View Recipe

Brawn

I recently managed to purchase half a pig from a local farmer – the head was used in this recipe for brawn. A pig’s head isn’t really something you’re going to be able to pick up at the butcher’s counter at your local supermarket but – if you do have a decent enough proper butcher’s shop, it’s always worth asking what else they have going. You may find trotters and pig’s heads are available at little or no cost provided you ask for them alongside some other purchases. Once you’ve sourced half a head and 3 or 4 trotters, the...

View Recipe

Red Slaw

This Red Slaw is quick and simple. I’ve not used mayo as I wanted something fresh and crunchy without any sloppiness. This slaw really suits being matched with rich meats and BBQ food. The sesame seeds don’t add that much in the way of flavour – it’s more about the texture. And that’s important. Here’s what you’ll need 1/2 red onion – peeled 1 beetroot – peeled 1/4 red cabbage 1 red pepper The dressing 1/2 tablespoon of sweet chilli sauce – the shop-bought stuff is fine. 1 tablespoon olive oil 2 or 3 teaspoons cider vinegar A scattering of...

View Recipe

Potato Rolls

I’ve been searching for the perfect burger bun for a while now. Or rather – I’ve been thinking about the qualities a perfect burger bun should have. More to the point – this bun also needs to stand up to juicier stuff like pulled pork as well as accommodating a decent burger. The bun needs to be soft and light but not fall apart half way through eating. It needs to be fluffy but not condense into a glue-like paste when you put it in your mouth. There needs to be sweetness but not overly so (on this point I know...

View Recipe

Stilton & Walnut Quiche

Don’t be shy with the Stilton in this Stilton & Walnut Quiche recipe – you need a decent hit of strong cheese for it to make sense. Cooking times will vary from oven to oven so only take my timings as a guide and just keep an eye on things. For  the pastry 200g plain flour 100g cubed butter 1 egg yolk Salt Approx 1 tablespoon of cold water For the filling 120g Stilton 100g walnuts – broken into small pieces 160g cream cheese 3 good quality eggs 150ml single cream 5 or 6 thyme sprigs – picked Salt & Black Pepper –...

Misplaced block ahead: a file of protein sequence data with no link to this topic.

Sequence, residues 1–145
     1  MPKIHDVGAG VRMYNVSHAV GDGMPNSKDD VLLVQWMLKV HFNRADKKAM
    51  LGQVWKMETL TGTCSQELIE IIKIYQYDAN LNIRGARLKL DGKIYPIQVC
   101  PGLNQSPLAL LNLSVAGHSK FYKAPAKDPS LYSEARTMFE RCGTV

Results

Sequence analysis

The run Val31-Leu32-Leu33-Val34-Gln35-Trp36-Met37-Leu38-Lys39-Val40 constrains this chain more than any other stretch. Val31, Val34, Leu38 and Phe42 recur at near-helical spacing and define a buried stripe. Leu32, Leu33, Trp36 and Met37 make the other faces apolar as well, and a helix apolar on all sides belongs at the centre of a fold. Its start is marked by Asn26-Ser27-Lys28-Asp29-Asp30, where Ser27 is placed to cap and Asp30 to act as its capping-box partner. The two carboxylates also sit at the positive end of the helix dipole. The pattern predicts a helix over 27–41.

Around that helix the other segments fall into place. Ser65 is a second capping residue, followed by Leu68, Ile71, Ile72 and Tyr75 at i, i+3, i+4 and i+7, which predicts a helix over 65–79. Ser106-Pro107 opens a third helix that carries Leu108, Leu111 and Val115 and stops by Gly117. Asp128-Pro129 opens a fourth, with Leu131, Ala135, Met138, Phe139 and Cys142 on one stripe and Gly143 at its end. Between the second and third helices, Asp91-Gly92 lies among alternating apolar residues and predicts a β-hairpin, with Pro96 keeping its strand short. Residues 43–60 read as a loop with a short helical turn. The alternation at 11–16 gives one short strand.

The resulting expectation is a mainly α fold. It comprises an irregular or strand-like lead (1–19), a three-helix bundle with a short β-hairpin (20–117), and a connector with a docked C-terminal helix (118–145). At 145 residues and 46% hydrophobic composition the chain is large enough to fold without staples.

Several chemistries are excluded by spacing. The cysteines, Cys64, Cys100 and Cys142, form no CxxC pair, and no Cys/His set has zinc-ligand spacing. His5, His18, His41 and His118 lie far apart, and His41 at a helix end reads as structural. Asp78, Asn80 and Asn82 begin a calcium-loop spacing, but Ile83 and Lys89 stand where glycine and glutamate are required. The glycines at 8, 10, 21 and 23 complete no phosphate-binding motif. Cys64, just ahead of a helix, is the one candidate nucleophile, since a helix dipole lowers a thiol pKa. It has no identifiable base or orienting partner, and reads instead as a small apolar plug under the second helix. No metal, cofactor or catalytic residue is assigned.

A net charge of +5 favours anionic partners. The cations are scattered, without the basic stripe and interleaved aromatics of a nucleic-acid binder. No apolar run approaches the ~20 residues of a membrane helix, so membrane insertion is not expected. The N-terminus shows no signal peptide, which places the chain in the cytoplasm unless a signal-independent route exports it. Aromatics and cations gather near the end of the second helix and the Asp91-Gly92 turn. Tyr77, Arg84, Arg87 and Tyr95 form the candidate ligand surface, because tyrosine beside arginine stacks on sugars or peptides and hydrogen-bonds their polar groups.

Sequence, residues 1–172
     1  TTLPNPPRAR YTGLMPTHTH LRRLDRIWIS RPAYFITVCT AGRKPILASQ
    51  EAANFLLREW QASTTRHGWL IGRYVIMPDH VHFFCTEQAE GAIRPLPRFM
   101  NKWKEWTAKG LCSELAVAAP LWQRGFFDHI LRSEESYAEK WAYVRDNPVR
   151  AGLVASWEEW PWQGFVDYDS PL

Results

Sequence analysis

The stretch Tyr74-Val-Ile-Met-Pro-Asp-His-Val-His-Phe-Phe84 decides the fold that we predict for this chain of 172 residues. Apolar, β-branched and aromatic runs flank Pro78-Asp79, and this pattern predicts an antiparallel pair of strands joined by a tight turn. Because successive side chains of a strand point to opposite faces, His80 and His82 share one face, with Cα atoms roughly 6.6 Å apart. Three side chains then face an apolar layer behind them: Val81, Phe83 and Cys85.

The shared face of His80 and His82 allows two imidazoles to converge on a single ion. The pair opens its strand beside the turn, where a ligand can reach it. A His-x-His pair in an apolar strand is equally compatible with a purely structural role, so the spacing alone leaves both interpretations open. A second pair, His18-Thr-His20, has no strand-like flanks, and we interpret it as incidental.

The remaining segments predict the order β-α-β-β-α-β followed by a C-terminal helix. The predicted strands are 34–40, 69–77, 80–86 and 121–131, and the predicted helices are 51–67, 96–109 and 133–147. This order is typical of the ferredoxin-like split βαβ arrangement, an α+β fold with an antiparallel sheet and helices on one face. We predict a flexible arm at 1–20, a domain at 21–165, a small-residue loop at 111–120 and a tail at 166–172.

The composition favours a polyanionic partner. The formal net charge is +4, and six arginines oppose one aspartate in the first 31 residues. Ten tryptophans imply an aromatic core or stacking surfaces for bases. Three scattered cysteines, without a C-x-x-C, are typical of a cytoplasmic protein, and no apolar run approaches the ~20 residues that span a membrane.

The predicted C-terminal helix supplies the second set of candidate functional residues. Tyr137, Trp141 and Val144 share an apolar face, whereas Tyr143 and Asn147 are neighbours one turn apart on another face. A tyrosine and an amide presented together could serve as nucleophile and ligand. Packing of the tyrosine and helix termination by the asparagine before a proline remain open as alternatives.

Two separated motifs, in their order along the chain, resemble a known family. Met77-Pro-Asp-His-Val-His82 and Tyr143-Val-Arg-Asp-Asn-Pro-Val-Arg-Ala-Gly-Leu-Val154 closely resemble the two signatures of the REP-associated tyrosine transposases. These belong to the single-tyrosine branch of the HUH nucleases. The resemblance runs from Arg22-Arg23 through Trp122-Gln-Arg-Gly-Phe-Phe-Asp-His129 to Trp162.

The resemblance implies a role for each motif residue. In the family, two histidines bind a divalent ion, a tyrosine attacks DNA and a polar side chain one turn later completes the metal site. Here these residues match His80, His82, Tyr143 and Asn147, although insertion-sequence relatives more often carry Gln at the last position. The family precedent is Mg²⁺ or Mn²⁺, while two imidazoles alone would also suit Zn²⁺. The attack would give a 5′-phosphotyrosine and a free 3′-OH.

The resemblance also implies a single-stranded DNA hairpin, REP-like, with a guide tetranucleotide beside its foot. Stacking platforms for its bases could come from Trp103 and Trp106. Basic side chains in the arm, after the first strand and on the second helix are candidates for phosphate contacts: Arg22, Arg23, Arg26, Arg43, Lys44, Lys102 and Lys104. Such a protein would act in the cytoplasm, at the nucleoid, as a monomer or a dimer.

View Recipe

Salt Beef

Making your own salt beef is reasonably straight forward – all you need is time, plenty of space in your fridge and, of course, the ingredients.  Starting with the meat – you need a decent sized piece of brisket – 2kg should do it. For the brine you’re looking to spice it up to suit your taste  – I love the sweet aniseed of Star Anise so I go fairly heavy in that direction. I don’t want to overdo it with the cloves though so maybe just 1 or 2 would be enough for a week’s brining. The saltpetre isn’t...

View Recipe

Beetroot-Cured Salmon With Chrain And Herb Salad

Every so often you’ll see deals on whole salmon at your local supermarket. If they seem in decent enough condition, they’re well worth the money. You can feed yourself and your family for the best part of a week from 1 salmon. You’ll need to fillet the salmon yourself but it’s a handy thing to be able to do. Ask the person at the fish counter to de-scale the fish though – it’s not really that much fun to do and you’ll be finding fish scales around your kitchen for days after doing it yourself. Beetroot-Cured Salmon is a variation...

View Recipe

Ultra-Simple Melon Salad

Simplicity is often the quickest route to success and this salad is as simple as it gets but I guarantee you’ll absolutely love it. By cutting your salad ingredients into large slices and chunks, the salad feels quite substantial while still retaining a freshness and lightness which hits the spot on a warm summer afternoon. The melon and cucumber combination on its own is worth trying but the mozzarella, tomato and whole basil leaves round it off into a decent plate of food. The recipe – if you need it (you can see everything that’s going on from the photograph)...

View Recipe

Breast of Lamb Ste-Ménehould with Sauce Ravigote

Any dish that makes use of one of the tougher, less popular cuts of meat and turns it into something as classy as this is, for me, what good cooking is all about. Breast of lamb on the bone is ideal but if you can only find the rolled variety, this is still just as usable. You’ll probably be able to pick up a rolled breast of lamb for under £5 and this will happily feed at least 4 people as a substantial starter or, with some boiled potatoes, a decent main. You’re going to want to serve it with...

View Recipe